# How to find the greatest amount of savings from two people when it is related with a division?

The problem is as follows:

A bank manager calculates the greatest common divisor of the numbers that represent the amounts of money in usd that Jenny and Gwen have, using Euclid's algorithm, the successive quotients are $$3$$; $$1$$ and $$2$$ respectively. If the first division was made by excess and also the least common multiple of the quantities they have is 315, how many dollars represents the greatest savings among the two girls?

The alternatives given in my book are as follows:

$$\begin{array}{ll} 1.&\textrm{105 usd}\\ 2.&\textrm{98 usd}\\ 3.&\textrm{112 usd}\\ 4.&\textrm{77 usd}\\ \end{array}$$

The official solution according to my precalculus workbook is as follows:

(Comment: The author arranged the information in this sort of weird table which I don't understand)

$$\begin{array}{|c|c|c|c|} \hline & \textrm{3(excess)} & 1 & 2 \\ \hline a=7d & b=3d & 2d & d\\ \hline & 2d & 2d& 0\\ \hline \end{array}$$

Assume the numbers representing the savings for Jenny and Gwen are $$a$$ and $$b$$.

From the given information in the problem:

Use the least common multiple:

$$\operatorname{lcm}(a,b)=315$$

$$(7d)(3d)=315$$

Then $$d=15$$

Therefore $$a=7\cdot 15 =105$$

Therefore the greatest saving it is $$105$$ usd.

This is the part where it ends the official solution.

Now my problem is I'm stuck here at the very beginning. Does it exist a way to reverse engineering what it was intended to be done here by this method?

From what I do recall the Euclid's algorithm of the division it goes as this:

$$D=dq+r$$

In an inexact division the $$d$$ represents the divisor and the $$q$$ the quotient and the $$r$$ represents the remainder.

I'm assuming that the second row in the table seems to point the first term of the algorithm. But from then on I don't get it.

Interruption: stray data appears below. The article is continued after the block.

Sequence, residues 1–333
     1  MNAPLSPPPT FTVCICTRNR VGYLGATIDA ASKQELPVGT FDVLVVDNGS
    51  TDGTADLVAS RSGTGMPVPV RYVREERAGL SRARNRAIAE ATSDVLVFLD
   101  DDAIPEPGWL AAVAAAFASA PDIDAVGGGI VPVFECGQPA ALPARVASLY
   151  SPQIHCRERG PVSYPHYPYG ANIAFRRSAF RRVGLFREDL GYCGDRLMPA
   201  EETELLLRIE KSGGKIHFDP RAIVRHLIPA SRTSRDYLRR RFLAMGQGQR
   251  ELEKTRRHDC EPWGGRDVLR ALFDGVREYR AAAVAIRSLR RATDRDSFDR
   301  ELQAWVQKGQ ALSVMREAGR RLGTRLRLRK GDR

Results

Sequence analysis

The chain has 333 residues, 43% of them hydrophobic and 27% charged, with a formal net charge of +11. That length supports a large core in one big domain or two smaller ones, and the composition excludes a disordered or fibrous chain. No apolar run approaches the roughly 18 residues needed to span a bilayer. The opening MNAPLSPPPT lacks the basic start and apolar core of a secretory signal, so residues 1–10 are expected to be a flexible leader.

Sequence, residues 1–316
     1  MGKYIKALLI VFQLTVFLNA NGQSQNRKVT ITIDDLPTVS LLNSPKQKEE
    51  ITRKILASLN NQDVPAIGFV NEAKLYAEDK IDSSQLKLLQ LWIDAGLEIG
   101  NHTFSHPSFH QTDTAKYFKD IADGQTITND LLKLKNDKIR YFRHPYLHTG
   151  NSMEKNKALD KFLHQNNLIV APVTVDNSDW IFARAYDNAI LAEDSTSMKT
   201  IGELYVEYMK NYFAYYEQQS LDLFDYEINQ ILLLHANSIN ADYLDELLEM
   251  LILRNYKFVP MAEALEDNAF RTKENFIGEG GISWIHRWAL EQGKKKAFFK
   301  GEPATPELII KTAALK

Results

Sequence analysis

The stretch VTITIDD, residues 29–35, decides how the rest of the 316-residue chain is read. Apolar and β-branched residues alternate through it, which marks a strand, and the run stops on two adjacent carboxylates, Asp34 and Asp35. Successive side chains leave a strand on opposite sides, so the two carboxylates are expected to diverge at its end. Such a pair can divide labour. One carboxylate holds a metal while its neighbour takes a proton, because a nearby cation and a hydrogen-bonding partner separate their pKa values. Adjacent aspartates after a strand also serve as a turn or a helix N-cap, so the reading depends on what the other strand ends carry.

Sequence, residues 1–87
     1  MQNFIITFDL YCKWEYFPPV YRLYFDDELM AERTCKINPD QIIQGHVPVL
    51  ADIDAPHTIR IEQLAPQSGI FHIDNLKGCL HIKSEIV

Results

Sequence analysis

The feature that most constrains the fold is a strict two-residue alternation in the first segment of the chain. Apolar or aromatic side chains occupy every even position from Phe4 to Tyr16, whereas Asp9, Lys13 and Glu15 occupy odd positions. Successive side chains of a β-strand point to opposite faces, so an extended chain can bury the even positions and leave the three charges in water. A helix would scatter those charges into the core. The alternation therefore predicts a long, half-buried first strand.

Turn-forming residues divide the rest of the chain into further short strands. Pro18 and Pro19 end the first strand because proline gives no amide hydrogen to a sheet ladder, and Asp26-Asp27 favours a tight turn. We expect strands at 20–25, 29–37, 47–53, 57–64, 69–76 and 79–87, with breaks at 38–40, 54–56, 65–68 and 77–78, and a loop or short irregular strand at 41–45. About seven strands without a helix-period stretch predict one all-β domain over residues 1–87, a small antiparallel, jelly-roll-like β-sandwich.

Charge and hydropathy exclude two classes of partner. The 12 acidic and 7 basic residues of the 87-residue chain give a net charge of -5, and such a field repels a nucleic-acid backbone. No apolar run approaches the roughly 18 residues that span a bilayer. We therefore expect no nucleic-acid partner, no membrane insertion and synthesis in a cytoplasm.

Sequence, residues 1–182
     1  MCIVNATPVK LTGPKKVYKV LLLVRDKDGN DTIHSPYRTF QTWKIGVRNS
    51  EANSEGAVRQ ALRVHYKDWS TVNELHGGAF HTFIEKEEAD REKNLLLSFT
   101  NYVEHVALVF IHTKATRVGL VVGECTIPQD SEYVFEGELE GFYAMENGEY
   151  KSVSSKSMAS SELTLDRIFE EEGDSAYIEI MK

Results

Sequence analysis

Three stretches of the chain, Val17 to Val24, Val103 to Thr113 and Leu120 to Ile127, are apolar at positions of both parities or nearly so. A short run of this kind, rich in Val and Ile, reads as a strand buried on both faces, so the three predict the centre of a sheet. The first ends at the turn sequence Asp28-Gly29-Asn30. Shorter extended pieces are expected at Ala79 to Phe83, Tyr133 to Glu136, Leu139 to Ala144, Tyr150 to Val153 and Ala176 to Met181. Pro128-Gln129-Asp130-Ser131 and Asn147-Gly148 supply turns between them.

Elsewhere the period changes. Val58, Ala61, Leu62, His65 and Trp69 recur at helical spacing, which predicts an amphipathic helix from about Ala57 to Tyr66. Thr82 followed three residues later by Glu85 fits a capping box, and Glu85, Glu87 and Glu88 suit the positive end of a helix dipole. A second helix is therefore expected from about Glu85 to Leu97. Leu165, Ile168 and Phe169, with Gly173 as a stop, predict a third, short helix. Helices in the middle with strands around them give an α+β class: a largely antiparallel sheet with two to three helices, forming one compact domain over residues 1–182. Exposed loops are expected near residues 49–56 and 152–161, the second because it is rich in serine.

A division by excess implies that the remainder is like as follows:

$$D=dq_{\textrm{excess}}-r_{\textrm{excess}}$$

But I don't know if this was used here?. The part where it mentions the least common multiple seems to imply primes because it places as $$(7d)(3d)=315$$

But the prime factorization of $$315$$ is equal to $$3^2 \cdot 5 \cdot 7$$. But from these there can be different combinations such as:

$$3\cdot 7$$ or $$3 \cdot 5$$

Since it implies that both must be the same I mean $$d$$ there isn't sufficient $$5$$'s to get $$15$$ on both sides of the multiplication from the prime factorization of $$315$$.

All and all, can someone help me here?. I'm just lost. Perhaps does it exist a better argument or method of solution for this problem?. I don't know how is it established that the greatest of both savings is $$105$$. As it is mentioned the sort of answer which it would help me the most is a step-by-step explanation of the solution.

• Just like your prior word problem from this book, the exercise and solution are horrendous. You shouldn't have to "reverse engineer" what is intended in the exercise from an even more cryptic "solution". Again, I strongly recommend that you find a higher quality textbook. Feb 13, 2021 at 8:41
• Are you translating this from another language? Feb 13, 2021 at 8:48

Note that the calculations which agree with the answer to this question are $$105=3\times45-30$$ $$45=30+15$$ $$30=2\times 15$$
We can work this out as follows, where $$a$$ is the larger of the two amounts $$a,b$$. $$a=3\times b-R$$ $$b=R+S$$ $$R=2\times S$$
Solving in terms of $$S$$ gives $$R=2S,b=3S,a=7S.$$ The LCM of $$7S$$ and $$3S$$ is $$315$$ and so $$21S=315.$$
Therefore $$S=15$$ and $$a=105$$.